Utah's ski resorts shatter previous visitation records with help of long winter

Skiers walk out of the Brighton Center at Brighton Ski Resort in Big Cottonwood Canyon on, April 4. The 2022-2023 ski and snowboard season resulted in a record estimate of 7.1 million visits, Ski Utah officials said Thursday.

Skiers walk out of the Brighton Center at Brighton Ski Resort in Big Cottonwood Canyon on, April 4. The 2022-2023 ski and snowboard season resulted in a record estimate of 7.1 million visits, Ski Utah officials said Thursday. (Jeffrey D. Allred, Deseret News)


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SALT LAKE CITY — Utah's record-breaking snowfall also led to records being broken when it comes to ski resort visitation, state ski experts say.

Ski Utah, a nonprofit that promotes the state's ski and snowboard industry, reported Thursday that preliminary numbers indicate that the 2022-2023 ski season will produce a record 7.1 million skier visits this season, which is a 22% increase from the previous record set during the 2021-2022 season. In addition, at least 12 of the state's 15 resorts broke their visitation records.

"We are thrilled to have been a part of this historic season of endless powder days, record-breaking snowfall and boundless fun," said Nathan Rafferty, the organization's president, in a statement.

A big reason that the numbers are preliminary at this point is that some resorts remain open, even at the beginning of meteorological summer. Per Ski Utah, Woodward Park City remains open through Sunday and Snowbird Resort plans to reopen for Father's Day weekend, June 17-18, conditions permitting.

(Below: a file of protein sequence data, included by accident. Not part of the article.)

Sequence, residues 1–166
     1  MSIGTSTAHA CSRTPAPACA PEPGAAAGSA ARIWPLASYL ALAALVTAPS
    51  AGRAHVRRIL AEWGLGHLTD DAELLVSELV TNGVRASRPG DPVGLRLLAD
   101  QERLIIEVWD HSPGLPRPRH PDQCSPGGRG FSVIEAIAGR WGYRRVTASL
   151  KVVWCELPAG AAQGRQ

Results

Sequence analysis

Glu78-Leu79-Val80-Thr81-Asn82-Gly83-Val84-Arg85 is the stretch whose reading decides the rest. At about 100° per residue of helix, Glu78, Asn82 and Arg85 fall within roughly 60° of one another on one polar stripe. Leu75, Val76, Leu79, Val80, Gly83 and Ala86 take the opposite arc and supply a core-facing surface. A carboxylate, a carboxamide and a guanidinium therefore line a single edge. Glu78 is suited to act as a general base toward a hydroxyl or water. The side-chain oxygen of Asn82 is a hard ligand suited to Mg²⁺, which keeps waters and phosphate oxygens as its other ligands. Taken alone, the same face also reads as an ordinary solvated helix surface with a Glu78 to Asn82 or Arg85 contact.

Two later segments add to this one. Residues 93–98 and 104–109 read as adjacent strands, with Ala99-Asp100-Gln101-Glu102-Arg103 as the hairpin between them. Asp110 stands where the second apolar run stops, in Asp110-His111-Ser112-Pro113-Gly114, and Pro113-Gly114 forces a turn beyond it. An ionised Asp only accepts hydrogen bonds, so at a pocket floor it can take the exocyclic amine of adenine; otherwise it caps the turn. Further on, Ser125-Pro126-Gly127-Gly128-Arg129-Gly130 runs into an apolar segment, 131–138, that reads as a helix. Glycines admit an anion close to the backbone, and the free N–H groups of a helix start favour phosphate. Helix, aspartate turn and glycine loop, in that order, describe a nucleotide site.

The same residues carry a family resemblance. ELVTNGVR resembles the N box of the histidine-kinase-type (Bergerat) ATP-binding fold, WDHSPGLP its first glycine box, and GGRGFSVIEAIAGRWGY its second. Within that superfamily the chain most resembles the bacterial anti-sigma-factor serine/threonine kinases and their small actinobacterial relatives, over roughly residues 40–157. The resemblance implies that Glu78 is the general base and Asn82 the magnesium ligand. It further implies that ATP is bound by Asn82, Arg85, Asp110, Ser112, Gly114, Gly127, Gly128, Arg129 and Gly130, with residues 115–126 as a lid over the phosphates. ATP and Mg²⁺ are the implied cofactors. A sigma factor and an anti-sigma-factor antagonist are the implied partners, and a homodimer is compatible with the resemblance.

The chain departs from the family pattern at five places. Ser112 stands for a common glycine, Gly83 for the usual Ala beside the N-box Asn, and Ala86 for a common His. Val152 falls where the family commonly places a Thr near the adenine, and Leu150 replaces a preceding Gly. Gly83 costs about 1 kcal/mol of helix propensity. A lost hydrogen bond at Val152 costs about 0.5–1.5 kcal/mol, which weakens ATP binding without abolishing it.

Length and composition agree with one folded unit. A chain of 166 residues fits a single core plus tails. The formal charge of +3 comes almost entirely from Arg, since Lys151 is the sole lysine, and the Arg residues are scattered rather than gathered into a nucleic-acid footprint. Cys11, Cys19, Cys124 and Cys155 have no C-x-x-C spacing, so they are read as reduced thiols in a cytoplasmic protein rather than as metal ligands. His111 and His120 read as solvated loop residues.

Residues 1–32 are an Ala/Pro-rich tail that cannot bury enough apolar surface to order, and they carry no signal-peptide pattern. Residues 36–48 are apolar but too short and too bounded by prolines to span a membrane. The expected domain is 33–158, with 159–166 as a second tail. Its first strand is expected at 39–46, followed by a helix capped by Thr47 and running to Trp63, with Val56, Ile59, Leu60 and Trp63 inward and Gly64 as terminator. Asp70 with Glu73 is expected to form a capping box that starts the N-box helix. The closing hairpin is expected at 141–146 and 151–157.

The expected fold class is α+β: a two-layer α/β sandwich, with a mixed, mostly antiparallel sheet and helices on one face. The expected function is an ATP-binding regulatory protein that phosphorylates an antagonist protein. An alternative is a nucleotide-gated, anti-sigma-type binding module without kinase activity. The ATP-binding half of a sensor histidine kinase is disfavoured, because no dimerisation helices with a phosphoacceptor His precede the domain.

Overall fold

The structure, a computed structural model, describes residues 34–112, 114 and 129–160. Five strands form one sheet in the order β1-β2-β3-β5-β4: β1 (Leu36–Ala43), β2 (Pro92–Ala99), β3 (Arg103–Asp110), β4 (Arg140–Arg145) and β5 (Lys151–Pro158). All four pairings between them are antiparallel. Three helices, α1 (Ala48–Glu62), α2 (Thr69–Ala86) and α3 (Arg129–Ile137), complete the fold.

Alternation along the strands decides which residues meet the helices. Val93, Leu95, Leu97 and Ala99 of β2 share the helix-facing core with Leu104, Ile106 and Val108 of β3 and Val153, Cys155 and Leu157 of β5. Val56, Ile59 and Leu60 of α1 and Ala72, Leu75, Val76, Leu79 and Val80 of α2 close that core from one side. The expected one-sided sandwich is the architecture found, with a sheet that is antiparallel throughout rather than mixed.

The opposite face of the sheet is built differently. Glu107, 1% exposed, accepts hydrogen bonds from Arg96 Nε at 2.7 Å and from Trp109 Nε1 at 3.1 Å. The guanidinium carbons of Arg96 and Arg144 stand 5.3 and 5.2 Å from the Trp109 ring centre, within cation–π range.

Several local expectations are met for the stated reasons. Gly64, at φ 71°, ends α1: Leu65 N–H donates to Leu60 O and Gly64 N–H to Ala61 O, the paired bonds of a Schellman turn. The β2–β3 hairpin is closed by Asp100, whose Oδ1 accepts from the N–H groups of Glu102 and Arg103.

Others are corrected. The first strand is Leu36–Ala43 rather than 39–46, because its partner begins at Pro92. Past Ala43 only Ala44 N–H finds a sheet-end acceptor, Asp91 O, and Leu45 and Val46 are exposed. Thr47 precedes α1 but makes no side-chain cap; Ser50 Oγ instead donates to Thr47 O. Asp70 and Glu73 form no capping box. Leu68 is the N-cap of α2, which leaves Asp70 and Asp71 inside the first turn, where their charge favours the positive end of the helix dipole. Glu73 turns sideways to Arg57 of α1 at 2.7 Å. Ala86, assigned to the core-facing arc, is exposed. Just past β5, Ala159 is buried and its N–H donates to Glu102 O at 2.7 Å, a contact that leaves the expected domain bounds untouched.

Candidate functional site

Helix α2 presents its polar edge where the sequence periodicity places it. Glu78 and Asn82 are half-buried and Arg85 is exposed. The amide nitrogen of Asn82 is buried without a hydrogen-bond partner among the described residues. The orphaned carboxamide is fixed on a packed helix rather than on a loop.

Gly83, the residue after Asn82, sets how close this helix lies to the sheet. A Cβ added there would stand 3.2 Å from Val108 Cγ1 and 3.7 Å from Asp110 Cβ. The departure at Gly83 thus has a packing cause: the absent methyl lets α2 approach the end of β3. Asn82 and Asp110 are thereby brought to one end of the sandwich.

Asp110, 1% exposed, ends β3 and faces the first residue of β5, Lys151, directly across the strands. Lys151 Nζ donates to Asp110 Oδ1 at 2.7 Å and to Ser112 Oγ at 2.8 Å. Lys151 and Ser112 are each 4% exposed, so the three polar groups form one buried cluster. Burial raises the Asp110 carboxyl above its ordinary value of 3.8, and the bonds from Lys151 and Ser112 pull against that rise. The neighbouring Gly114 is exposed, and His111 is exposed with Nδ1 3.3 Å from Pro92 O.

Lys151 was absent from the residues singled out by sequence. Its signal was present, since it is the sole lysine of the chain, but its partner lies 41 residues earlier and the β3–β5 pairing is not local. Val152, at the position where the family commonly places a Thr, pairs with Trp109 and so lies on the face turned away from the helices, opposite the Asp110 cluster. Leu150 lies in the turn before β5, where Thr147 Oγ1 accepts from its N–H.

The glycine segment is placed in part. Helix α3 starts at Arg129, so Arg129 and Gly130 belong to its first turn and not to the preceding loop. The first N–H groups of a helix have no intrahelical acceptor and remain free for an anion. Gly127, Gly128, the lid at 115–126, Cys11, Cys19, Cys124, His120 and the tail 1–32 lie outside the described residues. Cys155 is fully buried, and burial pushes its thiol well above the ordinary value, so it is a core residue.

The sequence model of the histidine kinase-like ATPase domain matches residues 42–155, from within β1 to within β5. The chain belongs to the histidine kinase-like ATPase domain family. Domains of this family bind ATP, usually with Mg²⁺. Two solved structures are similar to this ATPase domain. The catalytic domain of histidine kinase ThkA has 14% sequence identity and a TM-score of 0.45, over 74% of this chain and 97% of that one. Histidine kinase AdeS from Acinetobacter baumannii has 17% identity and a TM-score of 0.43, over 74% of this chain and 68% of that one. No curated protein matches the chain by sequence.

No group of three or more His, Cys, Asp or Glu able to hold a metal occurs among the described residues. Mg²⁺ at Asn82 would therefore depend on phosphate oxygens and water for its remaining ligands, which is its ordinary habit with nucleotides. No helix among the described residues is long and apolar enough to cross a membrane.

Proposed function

Once all 15 are closed for good, it will put to an end a very long season. Utah's 2022-2023 ski season began when Brian Head Resort opened on Nov. 4, 2022, marking Utah's fourth-earliest start on record. A series of storms that developed midway through the season kept resorts going as long as they did, many closing only because they didn't have the staff to keep up operations.

Utah ended up with 44 powder days, which are days of over 12 inches of snow in a 24-hour span. That's well above the annual average of 19, according to Ski Utah. Those storms didn't only help Utah set an all-time snowpack record, but several resorts ended up with record-high snowfall levels. Alta Ski Area topped them all, reaching 903 inches, or more than 75 feet, between October and April.

"The 2022-2023 season had a fantastic start, with resorts opening earlier than originally anticipated due to an abundance of early snowfall," Rafferty said. "The snow just didn't stop falling until May."

Meanwhile, the estimated 7.1 million skier visits during the winter translated to about $2.54 billion in spending, about an 8% increase from the previous season. The 2021-2022 season helped bring in $256.8 million in state and local tax revenue, according to Ski Utah.

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Carter Williams is an award-winning reporter who covers general news, outdoors, history and sports for KSL.com.

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